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Ngalakh: Senegal’s Christians and Muslims partake in Easter custom

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In Senegal, Christians and Muslims reinforce their unity and solidarity with the “Ngalakh” dessert specifically ready for Easter.

In Senegal, the place roughly 4 p.c of the inhabitants is Christian, the feverish preparation that began earlier than Easter to be celebrated on 9 April continues unabated.

Christian households put together a particular dessert for “Good Friday”, which represents the top of the Nice Lent (Careme) quick that the Christian neighborhood retains in the course of the Easter interval and coincides with the Friday earlier than Easter Sunday.

Ngalakh, the primary flavour that involves thoughts when Easter is talked about in Senegal, is ready with “thiakry”, a sort of semolina generally utilized in West Africa, baobab tree fruit, nutmeg, milk, sugar and peanut cream.

Christian households collect early on Friday on the house of a household elder and prepare dinner sufficient Ngalakh for nearly the whole neighbourhood.

Ngalakh has a liquid consistency and is served with grated coconut, banana slices and raisins.

The younger folks of the home make an inventory of Muslim neighbours and acquaintances and distribute a lot of the dessert to them till Friday afternoon.

Ngalakh, an Easter custom, is taken into account one of many symbols of unity and solidarity between Muslims and Christians in Senegal right this moment.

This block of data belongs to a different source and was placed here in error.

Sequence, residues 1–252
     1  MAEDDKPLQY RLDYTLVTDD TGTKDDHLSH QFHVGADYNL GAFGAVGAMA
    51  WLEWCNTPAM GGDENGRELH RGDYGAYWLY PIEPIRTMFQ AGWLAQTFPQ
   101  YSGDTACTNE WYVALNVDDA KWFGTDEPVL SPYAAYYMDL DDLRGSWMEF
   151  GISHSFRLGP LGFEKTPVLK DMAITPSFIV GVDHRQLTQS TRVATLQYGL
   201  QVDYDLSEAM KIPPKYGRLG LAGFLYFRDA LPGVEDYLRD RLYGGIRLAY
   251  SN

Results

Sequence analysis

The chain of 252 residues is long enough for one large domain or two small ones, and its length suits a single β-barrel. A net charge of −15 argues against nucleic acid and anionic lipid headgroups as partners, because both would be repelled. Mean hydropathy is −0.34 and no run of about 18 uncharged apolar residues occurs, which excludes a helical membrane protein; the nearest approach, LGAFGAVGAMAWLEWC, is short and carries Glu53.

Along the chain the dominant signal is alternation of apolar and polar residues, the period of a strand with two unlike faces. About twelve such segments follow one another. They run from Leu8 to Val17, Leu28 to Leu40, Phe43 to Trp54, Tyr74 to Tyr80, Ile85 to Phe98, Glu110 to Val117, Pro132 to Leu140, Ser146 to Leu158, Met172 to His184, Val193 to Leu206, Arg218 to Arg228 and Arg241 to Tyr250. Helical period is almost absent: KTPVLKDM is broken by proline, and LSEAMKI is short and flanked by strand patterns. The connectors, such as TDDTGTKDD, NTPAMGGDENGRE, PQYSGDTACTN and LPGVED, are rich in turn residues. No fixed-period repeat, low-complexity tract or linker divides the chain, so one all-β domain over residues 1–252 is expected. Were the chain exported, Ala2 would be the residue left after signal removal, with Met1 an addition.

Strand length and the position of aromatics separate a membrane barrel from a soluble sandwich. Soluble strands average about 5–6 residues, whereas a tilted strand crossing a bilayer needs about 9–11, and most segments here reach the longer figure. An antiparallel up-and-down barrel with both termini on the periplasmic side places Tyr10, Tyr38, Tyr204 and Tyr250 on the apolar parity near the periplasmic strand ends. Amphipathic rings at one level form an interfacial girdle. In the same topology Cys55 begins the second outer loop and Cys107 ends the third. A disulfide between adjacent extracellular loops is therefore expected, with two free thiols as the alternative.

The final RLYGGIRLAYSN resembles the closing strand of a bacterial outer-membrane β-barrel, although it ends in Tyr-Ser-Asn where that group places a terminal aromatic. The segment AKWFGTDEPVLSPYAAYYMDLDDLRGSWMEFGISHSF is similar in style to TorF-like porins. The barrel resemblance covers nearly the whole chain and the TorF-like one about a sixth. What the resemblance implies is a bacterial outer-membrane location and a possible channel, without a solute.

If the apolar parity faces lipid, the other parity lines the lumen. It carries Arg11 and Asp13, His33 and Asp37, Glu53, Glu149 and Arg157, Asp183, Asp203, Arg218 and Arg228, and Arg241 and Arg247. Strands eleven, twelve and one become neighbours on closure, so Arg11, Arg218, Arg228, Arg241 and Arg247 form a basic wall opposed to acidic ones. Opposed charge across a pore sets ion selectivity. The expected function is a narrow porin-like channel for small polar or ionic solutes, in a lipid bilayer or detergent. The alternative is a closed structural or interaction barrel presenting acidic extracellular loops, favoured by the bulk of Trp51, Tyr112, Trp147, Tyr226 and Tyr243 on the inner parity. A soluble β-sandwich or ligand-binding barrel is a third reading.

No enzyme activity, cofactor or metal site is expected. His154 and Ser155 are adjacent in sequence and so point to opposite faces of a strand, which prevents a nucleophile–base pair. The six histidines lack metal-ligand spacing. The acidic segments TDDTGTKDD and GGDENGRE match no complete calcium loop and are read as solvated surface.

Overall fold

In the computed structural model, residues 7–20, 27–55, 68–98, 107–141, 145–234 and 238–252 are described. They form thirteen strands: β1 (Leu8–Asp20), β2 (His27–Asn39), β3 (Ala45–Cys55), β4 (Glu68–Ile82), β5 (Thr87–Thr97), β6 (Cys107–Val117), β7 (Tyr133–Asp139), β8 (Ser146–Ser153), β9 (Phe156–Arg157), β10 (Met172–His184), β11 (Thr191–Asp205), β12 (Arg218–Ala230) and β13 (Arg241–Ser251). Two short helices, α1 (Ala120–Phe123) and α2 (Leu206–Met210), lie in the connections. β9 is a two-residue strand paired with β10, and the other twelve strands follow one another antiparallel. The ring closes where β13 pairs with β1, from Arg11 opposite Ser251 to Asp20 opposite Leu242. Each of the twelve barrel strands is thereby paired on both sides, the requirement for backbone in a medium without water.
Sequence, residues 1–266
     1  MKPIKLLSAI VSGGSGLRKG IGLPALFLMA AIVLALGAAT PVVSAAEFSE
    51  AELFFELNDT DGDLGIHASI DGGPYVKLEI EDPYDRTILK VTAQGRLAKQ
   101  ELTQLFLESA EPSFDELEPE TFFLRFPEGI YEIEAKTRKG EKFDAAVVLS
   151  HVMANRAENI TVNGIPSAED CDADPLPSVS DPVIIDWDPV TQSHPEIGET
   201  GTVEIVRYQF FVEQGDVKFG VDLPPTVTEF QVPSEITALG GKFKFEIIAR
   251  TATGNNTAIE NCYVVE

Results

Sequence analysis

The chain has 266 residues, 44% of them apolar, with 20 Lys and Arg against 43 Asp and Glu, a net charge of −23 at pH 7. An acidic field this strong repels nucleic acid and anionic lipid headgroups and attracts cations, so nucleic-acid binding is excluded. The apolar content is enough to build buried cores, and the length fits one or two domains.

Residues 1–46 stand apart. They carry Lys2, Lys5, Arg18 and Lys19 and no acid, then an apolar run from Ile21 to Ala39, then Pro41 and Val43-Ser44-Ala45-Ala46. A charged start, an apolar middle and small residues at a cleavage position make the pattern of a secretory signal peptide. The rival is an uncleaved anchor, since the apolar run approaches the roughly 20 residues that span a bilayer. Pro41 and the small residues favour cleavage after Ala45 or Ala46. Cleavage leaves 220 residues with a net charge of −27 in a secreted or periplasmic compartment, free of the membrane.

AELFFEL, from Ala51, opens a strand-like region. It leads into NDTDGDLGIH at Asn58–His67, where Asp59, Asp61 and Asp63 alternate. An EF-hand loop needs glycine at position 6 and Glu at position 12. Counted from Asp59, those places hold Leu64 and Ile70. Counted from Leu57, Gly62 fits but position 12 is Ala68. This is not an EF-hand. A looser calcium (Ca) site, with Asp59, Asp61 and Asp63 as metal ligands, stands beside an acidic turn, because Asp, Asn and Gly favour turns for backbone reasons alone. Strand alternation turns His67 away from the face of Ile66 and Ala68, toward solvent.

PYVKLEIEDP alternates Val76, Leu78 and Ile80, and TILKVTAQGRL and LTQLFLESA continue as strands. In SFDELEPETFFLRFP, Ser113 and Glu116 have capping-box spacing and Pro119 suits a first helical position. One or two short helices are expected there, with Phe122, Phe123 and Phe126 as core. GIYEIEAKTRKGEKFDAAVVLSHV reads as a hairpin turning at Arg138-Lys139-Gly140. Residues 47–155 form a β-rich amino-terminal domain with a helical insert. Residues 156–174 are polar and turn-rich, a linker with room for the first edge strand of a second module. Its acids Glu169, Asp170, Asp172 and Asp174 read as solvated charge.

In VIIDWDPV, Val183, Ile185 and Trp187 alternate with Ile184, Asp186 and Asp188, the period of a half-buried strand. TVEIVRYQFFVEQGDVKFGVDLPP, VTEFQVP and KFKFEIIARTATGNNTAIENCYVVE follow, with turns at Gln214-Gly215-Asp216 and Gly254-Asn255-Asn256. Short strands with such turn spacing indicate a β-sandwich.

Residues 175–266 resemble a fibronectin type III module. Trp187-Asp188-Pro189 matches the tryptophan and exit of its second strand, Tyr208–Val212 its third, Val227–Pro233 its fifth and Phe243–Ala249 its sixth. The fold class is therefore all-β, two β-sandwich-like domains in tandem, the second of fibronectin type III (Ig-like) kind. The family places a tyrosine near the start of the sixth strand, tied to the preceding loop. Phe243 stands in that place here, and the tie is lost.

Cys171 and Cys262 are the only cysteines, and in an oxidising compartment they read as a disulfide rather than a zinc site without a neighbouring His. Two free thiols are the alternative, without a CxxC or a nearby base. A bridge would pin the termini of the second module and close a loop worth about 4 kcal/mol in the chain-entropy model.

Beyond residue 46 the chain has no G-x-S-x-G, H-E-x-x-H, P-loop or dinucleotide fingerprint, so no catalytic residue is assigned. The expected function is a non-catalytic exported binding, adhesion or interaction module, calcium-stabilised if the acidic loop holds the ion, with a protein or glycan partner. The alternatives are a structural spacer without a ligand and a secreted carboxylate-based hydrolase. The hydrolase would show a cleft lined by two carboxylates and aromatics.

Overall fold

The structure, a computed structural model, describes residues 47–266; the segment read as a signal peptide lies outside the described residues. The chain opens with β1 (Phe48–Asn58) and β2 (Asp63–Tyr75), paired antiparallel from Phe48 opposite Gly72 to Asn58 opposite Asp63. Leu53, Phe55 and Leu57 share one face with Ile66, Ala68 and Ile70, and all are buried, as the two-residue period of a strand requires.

AA correspondent was the visitor of a Christian household making ready Ngalakh within the Parcelles Assainies neighbourhood of Dakar.

– “Each non secular celebration strengthens our ties”

Hortensia Alaofary Kanfoudy, who prepares Ngalakh together with her household, mentioned that Christians additionally quick for 40 days earlier than Easter and Ngalakh symbolises the top of this quick.

Kanfoudy mentioned, “We get along with our household elders and put together Ngalakh collectively and distribute it to our Muslim neighbours. We’re very pleased to have the ability to proceed this ancestral custom.”

Underlining that Ngalakh is not only a dessert, Kanfoudy continued as follows:

“Ngalakh shouldn’t be solely a conventional dessert but in addition a logo that strengthens the dialogue between Muslims and Christians. That is already our predominant need. Muslims additionally provide meat and couscous to their Christian neighbours on Eid al-Adha, Ramadan and Ashura. We, too, provide them treats on Ascension and Christmas. This sharing on each non secular celebration strengthens dialogue and unity.”

– “This solidarity is exclusive to Senegal”

Kandoudy’s aunt, Muslim Rokhaya Diagne, who participated within the Ngalakh preparations, mentioned that Muslims and Christians dwell collectively not solely in society but in addition in the identical household.

Diagne mentioned, “Yearly we prepare dinner Ngalakh at my nephew’s home. I’m a Muslim, my sister is a Christian. We don’t see one another otherwise. This solidarity is exclusive to Senegal. Throughout Ramadan, Christians give us iftar and we provide them meals throughout Lent. We glance after one another on each non secular vacation. I’m pleased with this image.”

Kandoudy’s Muslim neighbour Adama Manga Coly, to whom Kandoudy distributed Ngalakh, mentioned that Muslims and Christians consider in the identical God and that nobody judges the faith of others.

Coly mentioned, “In Senegal, everybody respects one another’s faith, nobody is in a contest of ‘my perception is superior to yours’. It is a secular nation. We dwell right here peacefully along with Christians in addition to many sects.”

The rationale for dialogue is mystical teachings

In Senegal, which is 96 per cent Muslim, greater than 60 per cent of the inhabitants observe Muridism, Tijanism and Qadirism.